More than half the adults in the U.S. have now gotten at least one shot of a COVID-19 vaccine. But interest has slowed down, so, a lot of companies are thinking more about whether vaccinations are key to bringing employees who’ve been working from home back into the office. Indiana University Professor Kosali Simon says at this point, more companies seem inclined to offer incentives for vaccination instead of requiring it, which she says is a good place to start. Simon says any time an employer mandates something, there is going to be goodwill cost. Companies are waiting, she says, to see how well the approaches of providing information and incentivizing softly with decision tools goes before moving to any mandate-type actions. Recent studies have shown that about 90 percent of U.S. companies now say they will either require or encourage employees to get vaccinated. Furthermore, 65 percent say they’ll offer incentives to their employees to do so, Simon says.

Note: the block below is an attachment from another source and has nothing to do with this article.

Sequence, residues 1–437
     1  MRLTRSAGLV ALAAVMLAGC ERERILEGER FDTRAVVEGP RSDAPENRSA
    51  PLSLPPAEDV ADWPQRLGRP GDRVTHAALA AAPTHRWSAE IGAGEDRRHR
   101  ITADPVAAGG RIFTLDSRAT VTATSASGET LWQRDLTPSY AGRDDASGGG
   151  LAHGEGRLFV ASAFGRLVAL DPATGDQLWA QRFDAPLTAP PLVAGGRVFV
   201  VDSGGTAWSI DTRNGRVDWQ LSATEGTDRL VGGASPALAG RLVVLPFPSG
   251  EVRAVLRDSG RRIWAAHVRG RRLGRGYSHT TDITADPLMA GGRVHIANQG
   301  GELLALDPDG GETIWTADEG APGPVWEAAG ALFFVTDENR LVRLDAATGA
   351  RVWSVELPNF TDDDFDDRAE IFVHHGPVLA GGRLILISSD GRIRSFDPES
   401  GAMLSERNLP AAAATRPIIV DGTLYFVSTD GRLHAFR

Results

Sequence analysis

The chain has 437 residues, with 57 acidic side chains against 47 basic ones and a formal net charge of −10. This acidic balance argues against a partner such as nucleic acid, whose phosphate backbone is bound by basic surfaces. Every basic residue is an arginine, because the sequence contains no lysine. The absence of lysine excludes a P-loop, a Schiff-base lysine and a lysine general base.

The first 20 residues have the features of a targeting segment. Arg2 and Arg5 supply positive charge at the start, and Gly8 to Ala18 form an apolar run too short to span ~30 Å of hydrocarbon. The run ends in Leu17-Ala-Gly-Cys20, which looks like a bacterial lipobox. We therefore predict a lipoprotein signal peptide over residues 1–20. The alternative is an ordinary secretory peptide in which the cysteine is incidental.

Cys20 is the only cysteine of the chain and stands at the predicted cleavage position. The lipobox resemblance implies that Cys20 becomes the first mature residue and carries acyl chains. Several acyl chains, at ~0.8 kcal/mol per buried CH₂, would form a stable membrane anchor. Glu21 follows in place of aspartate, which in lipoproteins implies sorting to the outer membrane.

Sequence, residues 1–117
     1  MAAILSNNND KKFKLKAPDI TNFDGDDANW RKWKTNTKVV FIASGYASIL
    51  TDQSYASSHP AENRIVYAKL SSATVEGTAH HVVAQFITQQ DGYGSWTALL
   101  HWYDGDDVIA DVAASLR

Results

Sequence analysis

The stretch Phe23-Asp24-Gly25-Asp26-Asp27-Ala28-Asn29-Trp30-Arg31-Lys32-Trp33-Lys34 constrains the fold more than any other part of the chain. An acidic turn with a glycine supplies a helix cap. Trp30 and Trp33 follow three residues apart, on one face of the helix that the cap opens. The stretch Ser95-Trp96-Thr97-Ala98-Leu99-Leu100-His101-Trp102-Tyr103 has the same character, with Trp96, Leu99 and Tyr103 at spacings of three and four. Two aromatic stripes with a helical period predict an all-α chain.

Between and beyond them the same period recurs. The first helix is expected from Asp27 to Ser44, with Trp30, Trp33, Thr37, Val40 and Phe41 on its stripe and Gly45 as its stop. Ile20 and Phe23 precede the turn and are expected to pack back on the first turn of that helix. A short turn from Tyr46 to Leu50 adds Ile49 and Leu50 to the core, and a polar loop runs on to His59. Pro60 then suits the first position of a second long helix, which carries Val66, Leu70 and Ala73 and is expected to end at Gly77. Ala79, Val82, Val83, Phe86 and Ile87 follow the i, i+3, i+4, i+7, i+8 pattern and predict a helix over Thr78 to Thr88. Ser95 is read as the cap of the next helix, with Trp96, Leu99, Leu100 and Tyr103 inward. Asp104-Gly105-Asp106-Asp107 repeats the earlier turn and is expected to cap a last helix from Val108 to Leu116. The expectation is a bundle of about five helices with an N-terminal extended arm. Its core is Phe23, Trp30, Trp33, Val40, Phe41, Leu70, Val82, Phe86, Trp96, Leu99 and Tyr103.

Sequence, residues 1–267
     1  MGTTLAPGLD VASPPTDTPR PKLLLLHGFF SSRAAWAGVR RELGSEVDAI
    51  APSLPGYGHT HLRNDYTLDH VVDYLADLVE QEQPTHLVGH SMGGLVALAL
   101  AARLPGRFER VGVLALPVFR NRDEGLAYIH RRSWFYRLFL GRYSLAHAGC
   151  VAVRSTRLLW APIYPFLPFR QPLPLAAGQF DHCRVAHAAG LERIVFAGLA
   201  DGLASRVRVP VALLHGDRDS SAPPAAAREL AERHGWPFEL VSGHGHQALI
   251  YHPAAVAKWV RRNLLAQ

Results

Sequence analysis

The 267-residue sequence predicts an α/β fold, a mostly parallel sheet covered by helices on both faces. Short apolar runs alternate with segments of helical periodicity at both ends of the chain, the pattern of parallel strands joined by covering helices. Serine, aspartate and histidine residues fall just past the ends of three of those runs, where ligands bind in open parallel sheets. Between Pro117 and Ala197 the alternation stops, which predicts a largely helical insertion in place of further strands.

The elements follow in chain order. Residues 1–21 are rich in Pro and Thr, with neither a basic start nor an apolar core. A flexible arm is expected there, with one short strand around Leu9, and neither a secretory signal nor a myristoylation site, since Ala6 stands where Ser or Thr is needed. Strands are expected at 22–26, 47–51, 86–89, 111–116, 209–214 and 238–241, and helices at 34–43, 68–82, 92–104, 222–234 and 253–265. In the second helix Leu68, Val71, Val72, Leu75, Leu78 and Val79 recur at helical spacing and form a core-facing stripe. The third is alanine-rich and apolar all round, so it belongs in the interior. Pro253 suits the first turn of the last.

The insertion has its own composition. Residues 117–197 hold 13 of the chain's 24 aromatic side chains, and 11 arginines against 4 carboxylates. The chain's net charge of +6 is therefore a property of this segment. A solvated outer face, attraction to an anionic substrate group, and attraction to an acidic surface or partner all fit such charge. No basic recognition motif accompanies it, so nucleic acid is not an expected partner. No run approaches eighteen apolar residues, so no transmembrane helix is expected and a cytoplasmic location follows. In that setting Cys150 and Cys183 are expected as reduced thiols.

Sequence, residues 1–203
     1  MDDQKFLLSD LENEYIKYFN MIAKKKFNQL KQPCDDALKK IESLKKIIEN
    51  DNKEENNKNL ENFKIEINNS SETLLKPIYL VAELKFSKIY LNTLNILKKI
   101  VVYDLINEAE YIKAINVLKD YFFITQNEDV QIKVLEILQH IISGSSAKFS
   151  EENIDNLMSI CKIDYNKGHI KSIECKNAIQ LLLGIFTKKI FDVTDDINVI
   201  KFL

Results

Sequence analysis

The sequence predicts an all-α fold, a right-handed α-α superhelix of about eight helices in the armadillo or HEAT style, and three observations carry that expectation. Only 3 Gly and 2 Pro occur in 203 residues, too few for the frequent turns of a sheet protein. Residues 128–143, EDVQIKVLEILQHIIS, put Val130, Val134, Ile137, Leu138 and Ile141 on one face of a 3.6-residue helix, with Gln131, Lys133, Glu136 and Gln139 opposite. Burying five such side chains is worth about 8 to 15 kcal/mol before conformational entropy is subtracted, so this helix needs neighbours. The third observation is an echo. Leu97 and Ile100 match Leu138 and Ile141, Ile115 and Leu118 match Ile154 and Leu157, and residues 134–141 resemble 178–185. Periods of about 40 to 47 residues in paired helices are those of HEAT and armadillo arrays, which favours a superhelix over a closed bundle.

In other news, former President Donald Trump has claimed at times that he’ll start a third political party called the Patriot Party. In fact, a recent poll showed 62 percent of Americans say they’d welcome the chance to vote for a third party. But Marjorie Hershey, professor emeritus of political science at IU, says while in almost every other democracy in the world, Americans would get their wish of a third-party option, in the U.S. there has yet to be a viable third-party option. Hershey says the American electoral system is the primary reason why the U.S. is the sole major democracy with only two parties consistently capable of electing public officials. Votes are counted in most American elections using plurality rules, or “winner take all.” Whoever gets the most votes wins the single seat up for election. Other democracies choose to count some or all of their votes differently. For instance, instead of voting only in your state district, some systems would allow for voters to see a list of all candidates in all of a state’s districts and to select one of the party slates. In this type of system, Hershey says it would make sense for even a small party to run candidates for the U.S. House, reasoning that if they got just 5 percent of the vote, they could win 5 percent of the state’s U.S. House seats. Additionally, Hershey says, there’s another factor working against third-party success: State legislatures make the rules about how candidates and parties get on the ballot, and state legislatures are made up almost exclusively of Republicans and Democrats. So, a minor-party candidate typically needs many more signatures on a petition to get on the ballot than major-party candidates do. Hershey says the idea of a “center” party has great appeal – in theory. However, in practice, few agree on what “centrist” means and lots of people envision a “center” party that reflects all their own views and none of the views they disagree with. There are good reasons for Americans to want more major parties, Hershey says. It’s hard for two parties to capture the diversity of views in a nation of more than 300 million people. But Hershey says to get there, Congress and state legislatures would need to make fundamental changes in American elections, converting single-member districts with winner-take-all rules into multi-member districts with proportional representation.